Evolving the wrapper classes
kevinb at google.com
Wed Jun 17 22:30:37 UTC 2020
Hmm, just maybe this will be less confusing than I was fearing. I'm seeing
now that "Integer is the real class, int is alias for Integer.val" is a
whole lot cleaner than "int becomes a val-default class and Integer is
demoted to alias for int.ref", which for some reason was the way I was
thinking of it.
On Wed, Jun 17, 2020 at 2:39 PM Dan Smith <daniel.smith at oracle.com> wrote:
Here's a concrete proposal for how we'll evolve the wrapper classes (Byte,
> Short, Integer, Long, Float, Double, Character, and Boolean) to be inline
> classes whose ".val" representations are (in the Java language) the
> primitive types.
> This has the effect of replacing boxing conversions in the Java language
> with lighter-weight reference conversions (no identity is imposed), and
> will facilitate specialization in the JVM by wrapping primitive values in
> lightweight inline class instances.
> Important concepts in this approach:
> - The wrapper classes are reference-default classes—'Integer' is a '.ref'
> - In the language, 'int' is an alias for 'Integer.val'. These are the same
- In the JVM, there are three distinct types: 'Ljava/lang/Integer;',
> 'Qjava/lang/Integer$val;', and 'I'
> The below outline feels pretty complete to me, as far as the core
> library/JVM/compiler components are concerned, and quite achievable. Please
> raise anything I'm overlooking (I'm sure there's something...).
> Step 1: Warnings
> In the near future, we implement a variety of warnings for clients of the
> wrapper classes who rely on features that will break when the wrapper
> classes are inline classes:
Cool, these would have been nice to have years ago anyway. :-) We have
several of them on for Google code already and I'll see if we can roll out
the rest to see what kinds of things blow up.
> Library changes:
> - The constructors, currently marked deprecated, are deprecated for
> removal. This should amplify warnings about their use.
> Java compiler changes:
> - Attempts to synchronize on or invoke wait/notify methods of expressions
> with wrapper class static types produce a new warning.
> - Possibly, uses of '==', 'identityHashCode', or 'clone' on these
> expressions produce a warning.
> - Possibly, any uses of 'getClass' that compare with '==' to wrapper class
> literals produce a warning.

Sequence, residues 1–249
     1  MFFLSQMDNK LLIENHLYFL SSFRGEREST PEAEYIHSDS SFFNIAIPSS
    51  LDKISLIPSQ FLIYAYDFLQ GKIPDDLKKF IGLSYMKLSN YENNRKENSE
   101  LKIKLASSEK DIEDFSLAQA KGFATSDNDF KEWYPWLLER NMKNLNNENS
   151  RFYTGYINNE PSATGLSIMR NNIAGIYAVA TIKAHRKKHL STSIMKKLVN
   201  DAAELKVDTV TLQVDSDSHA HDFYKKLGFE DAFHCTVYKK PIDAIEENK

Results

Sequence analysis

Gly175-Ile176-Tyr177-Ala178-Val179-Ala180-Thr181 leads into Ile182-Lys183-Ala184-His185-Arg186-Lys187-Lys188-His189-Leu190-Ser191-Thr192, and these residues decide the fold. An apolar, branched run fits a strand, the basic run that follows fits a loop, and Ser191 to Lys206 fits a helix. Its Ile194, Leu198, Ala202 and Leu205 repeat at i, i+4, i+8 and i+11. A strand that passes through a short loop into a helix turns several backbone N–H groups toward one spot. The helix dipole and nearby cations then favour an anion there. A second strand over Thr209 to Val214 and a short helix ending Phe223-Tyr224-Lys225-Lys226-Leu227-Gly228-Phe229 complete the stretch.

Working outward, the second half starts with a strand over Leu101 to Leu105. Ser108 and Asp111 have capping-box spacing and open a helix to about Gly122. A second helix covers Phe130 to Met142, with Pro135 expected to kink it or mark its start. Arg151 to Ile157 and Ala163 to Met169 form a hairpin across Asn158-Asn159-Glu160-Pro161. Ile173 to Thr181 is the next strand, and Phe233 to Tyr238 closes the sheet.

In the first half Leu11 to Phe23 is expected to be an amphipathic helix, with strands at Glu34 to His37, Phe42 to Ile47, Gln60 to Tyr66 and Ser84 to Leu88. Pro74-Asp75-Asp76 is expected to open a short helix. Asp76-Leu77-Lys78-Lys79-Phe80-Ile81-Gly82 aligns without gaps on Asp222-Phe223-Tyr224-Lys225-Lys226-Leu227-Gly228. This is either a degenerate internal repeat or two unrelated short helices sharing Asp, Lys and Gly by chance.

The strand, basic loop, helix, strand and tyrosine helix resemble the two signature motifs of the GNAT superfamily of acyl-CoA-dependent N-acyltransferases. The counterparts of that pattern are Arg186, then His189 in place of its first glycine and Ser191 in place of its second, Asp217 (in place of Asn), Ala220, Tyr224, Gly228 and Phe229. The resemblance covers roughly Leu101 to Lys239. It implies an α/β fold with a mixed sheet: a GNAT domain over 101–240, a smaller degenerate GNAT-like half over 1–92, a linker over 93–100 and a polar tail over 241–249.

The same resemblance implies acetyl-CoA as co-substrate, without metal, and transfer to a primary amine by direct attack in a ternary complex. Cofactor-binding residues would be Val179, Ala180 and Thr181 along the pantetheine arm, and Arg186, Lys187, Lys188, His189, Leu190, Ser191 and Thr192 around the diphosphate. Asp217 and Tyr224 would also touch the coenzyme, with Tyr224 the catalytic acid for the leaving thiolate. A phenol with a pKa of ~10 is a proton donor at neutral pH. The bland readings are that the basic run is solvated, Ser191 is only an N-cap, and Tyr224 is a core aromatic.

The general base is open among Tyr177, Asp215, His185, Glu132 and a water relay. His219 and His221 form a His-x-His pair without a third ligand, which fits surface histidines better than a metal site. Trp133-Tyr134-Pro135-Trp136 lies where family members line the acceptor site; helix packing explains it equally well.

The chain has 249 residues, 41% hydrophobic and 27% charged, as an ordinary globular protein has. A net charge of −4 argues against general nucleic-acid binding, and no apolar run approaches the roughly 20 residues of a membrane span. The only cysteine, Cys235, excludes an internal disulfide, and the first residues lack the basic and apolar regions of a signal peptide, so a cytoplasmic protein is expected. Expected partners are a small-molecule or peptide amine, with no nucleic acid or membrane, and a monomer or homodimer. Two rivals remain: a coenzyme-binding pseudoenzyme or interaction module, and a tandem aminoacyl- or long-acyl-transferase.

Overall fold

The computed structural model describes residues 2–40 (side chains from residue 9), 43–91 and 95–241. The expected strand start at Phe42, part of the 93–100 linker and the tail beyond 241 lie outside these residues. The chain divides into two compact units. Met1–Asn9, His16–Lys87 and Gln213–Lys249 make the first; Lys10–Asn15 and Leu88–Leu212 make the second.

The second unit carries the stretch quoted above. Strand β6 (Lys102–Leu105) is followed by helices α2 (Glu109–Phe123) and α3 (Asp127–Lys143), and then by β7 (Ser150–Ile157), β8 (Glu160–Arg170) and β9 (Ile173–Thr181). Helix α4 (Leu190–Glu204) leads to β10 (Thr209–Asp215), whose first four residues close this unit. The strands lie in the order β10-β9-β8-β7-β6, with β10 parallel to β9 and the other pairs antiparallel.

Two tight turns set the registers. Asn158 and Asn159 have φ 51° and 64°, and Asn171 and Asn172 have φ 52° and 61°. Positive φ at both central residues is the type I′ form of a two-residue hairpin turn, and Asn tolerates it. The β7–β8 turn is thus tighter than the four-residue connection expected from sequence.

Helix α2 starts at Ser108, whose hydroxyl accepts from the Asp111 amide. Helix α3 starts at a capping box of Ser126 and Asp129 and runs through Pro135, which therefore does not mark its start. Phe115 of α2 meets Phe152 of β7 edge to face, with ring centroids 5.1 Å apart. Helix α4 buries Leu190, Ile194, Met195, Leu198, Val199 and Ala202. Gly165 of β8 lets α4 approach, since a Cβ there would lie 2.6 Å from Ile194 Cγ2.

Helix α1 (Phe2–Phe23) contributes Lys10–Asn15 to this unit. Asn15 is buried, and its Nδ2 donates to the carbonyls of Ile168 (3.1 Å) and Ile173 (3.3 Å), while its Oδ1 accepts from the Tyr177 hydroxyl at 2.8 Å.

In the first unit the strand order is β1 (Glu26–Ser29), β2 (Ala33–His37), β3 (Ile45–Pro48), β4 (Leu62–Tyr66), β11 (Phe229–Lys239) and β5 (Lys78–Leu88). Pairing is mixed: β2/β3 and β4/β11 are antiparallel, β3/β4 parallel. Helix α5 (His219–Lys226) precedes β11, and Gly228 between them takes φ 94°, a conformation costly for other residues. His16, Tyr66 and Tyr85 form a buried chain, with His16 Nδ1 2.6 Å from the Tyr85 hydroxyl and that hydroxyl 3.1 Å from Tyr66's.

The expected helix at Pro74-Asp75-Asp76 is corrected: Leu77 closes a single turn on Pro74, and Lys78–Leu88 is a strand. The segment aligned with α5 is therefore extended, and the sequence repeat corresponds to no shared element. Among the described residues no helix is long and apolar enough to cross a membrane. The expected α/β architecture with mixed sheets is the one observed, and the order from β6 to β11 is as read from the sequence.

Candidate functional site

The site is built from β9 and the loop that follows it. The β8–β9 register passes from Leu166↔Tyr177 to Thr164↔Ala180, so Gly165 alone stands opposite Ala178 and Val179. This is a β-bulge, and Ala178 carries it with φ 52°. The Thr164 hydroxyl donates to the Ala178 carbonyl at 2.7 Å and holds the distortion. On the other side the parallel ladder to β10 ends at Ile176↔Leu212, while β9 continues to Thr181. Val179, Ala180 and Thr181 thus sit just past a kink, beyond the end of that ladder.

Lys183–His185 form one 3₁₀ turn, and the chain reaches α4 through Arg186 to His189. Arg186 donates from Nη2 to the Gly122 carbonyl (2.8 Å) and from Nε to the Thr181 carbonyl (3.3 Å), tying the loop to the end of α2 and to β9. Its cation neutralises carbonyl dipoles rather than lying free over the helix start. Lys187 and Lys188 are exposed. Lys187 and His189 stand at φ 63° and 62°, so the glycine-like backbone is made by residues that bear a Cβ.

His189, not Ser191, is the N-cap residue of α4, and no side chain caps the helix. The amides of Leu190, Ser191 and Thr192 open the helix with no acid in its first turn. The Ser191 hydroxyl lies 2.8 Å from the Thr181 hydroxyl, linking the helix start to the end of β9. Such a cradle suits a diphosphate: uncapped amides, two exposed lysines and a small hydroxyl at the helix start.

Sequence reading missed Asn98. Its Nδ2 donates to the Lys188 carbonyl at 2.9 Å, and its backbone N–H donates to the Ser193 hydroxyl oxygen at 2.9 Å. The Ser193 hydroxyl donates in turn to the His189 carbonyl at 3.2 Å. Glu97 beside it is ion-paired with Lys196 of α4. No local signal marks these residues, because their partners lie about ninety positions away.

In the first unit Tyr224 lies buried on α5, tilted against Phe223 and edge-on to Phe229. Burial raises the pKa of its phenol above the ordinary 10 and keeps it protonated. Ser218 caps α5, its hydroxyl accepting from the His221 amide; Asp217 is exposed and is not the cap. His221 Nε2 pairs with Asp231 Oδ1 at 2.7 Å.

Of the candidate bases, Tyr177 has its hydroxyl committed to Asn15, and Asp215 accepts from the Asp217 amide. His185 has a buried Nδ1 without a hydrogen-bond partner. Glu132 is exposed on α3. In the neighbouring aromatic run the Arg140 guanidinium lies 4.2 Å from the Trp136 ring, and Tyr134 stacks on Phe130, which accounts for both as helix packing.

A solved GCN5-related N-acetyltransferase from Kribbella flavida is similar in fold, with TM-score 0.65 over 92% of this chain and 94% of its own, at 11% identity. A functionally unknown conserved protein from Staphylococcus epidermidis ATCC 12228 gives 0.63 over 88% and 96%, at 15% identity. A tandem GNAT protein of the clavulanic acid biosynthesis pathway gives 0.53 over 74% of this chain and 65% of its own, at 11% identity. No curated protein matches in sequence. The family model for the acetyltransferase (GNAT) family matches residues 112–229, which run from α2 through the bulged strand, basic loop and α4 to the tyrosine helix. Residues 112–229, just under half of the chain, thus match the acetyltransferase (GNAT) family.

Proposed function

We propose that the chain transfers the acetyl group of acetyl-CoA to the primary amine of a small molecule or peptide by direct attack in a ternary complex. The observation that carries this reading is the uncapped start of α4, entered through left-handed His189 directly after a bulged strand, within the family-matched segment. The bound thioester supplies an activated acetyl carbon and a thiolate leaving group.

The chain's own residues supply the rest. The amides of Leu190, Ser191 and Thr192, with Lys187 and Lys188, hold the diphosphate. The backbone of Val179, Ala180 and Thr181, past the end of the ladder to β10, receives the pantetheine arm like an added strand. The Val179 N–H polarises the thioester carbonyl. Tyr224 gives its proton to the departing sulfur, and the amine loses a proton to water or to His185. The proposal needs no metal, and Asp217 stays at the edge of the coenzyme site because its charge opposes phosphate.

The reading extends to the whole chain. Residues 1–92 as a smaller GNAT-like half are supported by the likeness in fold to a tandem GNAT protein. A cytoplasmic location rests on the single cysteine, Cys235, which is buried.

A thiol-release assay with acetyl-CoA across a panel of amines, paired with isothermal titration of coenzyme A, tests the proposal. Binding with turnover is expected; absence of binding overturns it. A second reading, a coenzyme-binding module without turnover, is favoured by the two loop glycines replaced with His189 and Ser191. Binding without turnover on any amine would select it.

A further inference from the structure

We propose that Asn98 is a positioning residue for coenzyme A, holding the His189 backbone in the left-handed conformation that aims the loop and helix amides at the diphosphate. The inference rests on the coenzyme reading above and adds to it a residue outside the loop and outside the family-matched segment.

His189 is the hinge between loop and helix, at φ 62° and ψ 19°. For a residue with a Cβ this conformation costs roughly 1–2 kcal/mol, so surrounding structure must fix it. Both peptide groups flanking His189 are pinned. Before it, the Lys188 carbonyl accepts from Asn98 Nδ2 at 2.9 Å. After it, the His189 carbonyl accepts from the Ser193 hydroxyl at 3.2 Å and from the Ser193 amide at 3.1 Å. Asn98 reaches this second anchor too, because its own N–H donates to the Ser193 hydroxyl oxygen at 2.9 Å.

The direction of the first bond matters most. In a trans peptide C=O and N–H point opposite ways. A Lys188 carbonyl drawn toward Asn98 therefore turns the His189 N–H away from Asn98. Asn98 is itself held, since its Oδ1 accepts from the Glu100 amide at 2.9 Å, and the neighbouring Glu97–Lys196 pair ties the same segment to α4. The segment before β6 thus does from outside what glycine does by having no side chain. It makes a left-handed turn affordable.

> JVM changes:
> - Possibly, runtime warnings occur mimicking some of the compiler
> warnings, but using runtime types.
> (Note that all of these warnings may also apply to Value-based Classes.
> The wrapper classes happen to fall short of the value-based class
> requirements in their factories' guarantees about identity; these rules
> about factories and equality are probably unnecessary limitations, given
> the current deterministic behavior of acmp.)
> Step 2: Preview Feature
> When, or sometime after, we ship inline classes as a preview feature, we
> support treating the wrapper classes as inline.
> JVM changes (when --enable-preview is set):
> - References to java/lang/Integer and java/lang/Integer$val are hacked to
> load special class files corresponding to the .ref and .val types of inline
> class Integer.
> - The type [I is considered by the verifier to be equivalent to
> [java/lang/Integer$val. Array operations (aaload, iaload, etc.) support
> Java language/compiler changes (when --enable-preview is set):
> - The class file reader knows how to find the special Integer.class and
> - The type 'Integer.val' is equivalent to 'int'. Primitive types are
> inline types—they have members, support method invocation, etc.
This at least *suggests *that `42L.hashCode()` would begin to work just as
> - Where necessary (depending on the operations being performed), the
> compiler generates conversions between 'I' and 'java/lang/Integer$val'. 'I'
> is preferred wherever possible.
> - Boxing can be specified with stronger guarantees about '=='.
> Step 3: Standard Feature
> When we're ready to leave preview, we'll need to raise the profile of
> "those things we warned about are going to blow up now!".
> Library changes:
> - The wrapper classes are declared in source as reference-default inline
> - The constructors are removed, replaced with private constructors.
> JVM changes:
> - Wrapper classes are loaded using standard processes.
> Java language/compiler changes:
> - The wrapper classes have special permission to declare fields of their
> own type.
Fair. I actually see this as rather parallel to the way the class Object in
Object.java gets to be its own superclass.
I think I'm able to make sense of this plan.
Users *can* write `Integer.val` in their code, but would there ever be a
good reason to? I assume we would always prefer `int`. And this actually
makes me wonder if it's worth considering also allowing `int.ref` to be an
alias for `Integer` because it would allow users to drop the word `Integer`
from their code more completely, and therefore `int` would look more and
more like it was just an inline type like any other. It reminds you that
the old boxing/unboxing isn't in play anymore. And `int.ref` is more
self-evidently something you can't synchronize on, etc. But, what would
remain weird is that you don't *actually *find a val-default class called
`int` sitting in an `int.java` file.
Kevin Bourrillion | Java Librarian | Google, Inc. | kevinb at google.com
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